All our different emotions have a purpose which can benefit us in some way, either in the present or in the future.

That doesn’t mean the emotions we feel are always appropriate to the situation we’re in. But regardless of that situation, they do present us with a potential gift which we can benefit from as a person. (PTSD can be a good example of a disproportionate amount of fear in response to the situation happening.  But however unpleasant or ineffective, initially the PTSD was still a result of your emotions doing their job:  You went through something so bad, that your mind set up systems to aggressively prevent it from ever happening again.)

For most people, it’s easy to see the benefits in love, gratitude or joy.  But what about depression, grief or anger?

Believe it or not, they can all do amazing things for you when handled correctly.  But to avoid turning this article into a 100 page book, let’s stick with the topic 😉

Being Annoyed: What’s It Good For?

Taking on the perspective of each emotion carrying a gift for you, which gifts can you find in irritation?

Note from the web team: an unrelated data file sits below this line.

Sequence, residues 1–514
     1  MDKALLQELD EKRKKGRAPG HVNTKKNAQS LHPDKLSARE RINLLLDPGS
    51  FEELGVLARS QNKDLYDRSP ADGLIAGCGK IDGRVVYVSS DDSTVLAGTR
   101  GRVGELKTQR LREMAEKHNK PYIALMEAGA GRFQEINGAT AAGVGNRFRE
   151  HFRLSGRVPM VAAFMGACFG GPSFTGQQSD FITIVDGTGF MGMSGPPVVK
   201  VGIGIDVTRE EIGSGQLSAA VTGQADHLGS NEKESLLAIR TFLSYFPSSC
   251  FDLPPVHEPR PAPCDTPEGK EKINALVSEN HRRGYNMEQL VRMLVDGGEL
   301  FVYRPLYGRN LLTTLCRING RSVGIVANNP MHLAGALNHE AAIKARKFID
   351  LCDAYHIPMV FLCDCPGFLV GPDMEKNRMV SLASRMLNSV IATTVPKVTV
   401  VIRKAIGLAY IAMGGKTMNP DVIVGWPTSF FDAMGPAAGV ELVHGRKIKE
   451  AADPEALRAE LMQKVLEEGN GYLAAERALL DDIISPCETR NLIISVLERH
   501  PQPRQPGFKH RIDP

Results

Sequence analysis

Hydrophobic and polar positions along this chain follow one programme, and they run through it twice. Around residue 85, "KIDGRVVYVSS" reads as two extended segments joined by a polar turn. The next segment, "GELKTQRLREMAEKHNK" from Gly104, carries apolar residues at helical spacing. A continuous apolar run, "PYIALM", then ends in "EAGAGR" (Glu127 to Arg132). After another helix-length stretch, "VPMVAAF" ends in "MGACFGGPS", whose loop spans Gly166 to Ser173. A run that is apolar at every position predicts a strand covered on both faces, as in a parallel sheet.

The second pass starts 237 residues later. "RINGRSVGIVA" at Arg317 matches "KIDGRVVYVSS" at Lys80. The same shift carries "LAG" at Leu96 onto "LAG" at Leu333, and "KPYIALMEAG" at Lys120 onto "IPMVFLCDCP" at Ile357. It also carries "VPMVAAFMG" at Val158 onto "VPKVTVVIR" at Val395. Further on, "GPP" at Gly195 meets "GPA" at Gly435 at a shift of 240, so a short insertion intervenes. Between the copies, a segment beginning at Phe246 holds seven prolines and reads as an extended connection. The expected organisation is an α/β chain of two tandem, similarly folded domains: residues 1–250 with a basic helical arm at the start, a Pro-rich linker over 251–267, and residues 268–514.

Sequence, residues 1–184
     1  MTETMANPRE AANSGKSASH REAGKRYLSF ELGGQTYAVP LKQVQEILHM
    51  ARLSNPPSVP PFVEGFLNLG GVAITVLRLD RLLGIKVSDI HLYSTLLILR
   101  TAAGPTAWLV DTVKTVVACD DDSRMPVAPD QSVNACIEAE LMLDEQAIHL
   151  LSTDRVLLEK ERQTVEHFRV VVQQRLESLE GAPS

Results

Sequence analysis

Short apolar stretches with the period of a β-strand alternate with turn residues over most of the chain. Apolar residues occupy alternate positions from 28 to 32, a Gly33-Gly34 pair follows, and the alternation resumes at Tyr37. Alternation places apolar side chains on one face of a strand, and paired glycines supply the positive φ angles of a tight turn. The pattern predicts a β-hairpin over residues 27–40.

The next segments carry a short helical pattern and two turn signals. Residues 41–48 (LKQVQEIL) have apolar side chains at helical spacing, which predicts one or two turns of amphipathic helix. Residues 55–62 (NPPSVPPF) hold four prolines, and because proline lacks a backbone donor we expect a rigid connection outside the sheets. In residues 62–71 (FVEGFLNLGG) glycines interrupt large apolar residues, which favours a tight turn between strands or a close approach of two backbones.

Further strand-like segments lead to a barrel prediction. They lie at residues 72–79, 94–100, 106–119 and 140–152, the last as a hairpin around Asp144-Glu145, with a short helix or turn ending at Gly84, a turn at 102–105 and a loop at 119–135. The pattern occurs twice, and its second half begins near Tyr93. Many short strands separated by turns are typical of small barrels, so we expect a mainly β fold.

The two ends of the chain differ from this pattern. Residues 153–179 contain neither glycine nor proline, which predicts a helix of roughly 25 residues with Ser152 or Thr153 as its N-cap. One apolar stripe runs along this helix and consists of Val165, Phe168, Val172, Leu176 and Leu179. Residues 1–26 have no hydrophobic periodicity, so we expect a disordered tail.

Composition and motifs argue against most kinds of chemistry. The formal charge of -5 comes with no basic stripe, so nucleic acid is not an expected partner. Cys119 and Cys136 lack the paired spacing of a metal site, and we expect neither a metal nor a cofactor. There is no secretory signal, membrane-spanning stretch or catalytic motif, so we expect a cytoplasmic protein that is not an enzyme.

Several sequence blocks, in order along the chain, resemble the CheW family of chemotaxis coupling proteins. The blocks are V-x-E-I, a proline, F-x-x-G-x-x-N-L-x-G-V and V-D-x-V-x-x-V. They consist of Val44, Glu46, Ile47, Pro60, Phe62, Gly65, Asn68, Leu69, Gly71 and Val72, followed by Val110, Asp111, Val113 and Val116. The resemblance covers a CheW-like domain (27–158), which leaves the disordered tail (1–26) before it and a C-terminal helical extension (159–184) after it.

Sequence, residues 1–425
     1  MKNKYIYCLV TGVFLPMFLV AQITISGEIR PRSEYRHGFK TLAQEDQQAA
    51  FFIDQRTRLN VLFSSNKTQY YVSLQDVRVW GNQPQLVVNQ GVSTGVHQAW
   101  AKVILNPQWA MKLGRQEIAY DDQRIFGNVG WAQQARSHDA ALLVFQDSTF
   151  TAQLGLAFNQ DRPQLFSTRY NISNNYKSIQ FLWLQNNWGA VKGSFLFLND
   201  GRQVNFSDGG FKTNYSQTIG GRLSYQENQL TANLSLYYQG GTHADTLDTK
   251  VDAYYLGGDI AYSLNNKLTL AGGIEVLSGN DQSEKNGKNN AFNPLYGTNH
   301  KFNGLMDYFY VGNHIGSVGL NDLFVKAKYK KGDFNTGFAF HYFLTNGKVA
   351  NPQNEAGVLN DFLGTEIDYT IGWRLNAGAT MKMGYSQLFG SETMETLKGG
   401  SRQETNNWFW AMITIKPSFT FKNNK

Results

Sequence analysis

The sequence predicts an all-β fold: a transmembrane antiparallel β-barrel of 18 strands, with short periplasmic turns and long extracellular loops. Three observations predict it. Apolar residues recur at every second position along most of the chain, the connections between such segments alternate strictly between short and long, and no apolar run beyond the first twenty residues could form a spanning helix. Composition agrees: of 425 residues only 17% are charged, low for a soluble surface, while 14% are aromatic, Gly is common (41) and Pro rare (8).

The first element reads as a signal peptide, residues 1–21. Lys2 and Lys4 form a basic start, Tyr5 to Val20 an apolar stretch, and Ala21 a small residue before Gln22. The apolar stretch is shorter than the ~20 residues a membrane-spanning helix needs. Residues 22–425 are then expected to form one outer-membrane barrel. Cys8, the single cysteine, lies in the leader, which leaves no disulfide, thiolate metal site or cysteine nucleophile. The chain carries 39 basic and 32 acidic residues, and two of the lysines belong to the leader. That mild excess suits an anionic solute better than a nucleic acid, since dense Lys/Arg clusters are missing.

If you slow down and pay attention to how your bodily sensations and thoughts change whenever you’re irritated, you will most likely feel a combination of the following 2 things:

1. A sense of disagreement with the subject of your irritation

This subject can be a situation, a person, a concept.  If you’re just in a grumpy mood, then the subject is “the overall experience you’re having”.

2. An energetic charge

Compared to the moment before you were irritated, you now feel more of an urge to move your body and do something.  As if there’s an energy in your body you want to express outwardly.

This type of sensation is also present in anger, excitement or desire.  And perhaps to a degree in anxiety.

All of the above are emotions that “move you” into action.  

With irritation, the amount of energetic charge may be quite mild compared to anger.  But most people are still moved by it in some way: Letting out a sigh, a curse, a brief grunt or “having to bite your tongue to not say something really rude”.

If you put these 2 elements together, you can see that the irritation you feel carries within it the gift of moving you towards creating change.

This change can occur in 2 ways:

  1. You allow yourself to be moved by the irritation to take action which may influence or improve the thing you’re annoyed with. Let’s call this “Improving the Subject” of your irritation.
  2. You allow yourself be moved by the irritation to change your relationship with that subject.  Let’s call this “Improving Yourself”
  3. You allow the irritation to move you towards self-reflection.  Perhaps the greatest of all 3 gifts.

Using Your Irritation to Improve the Subject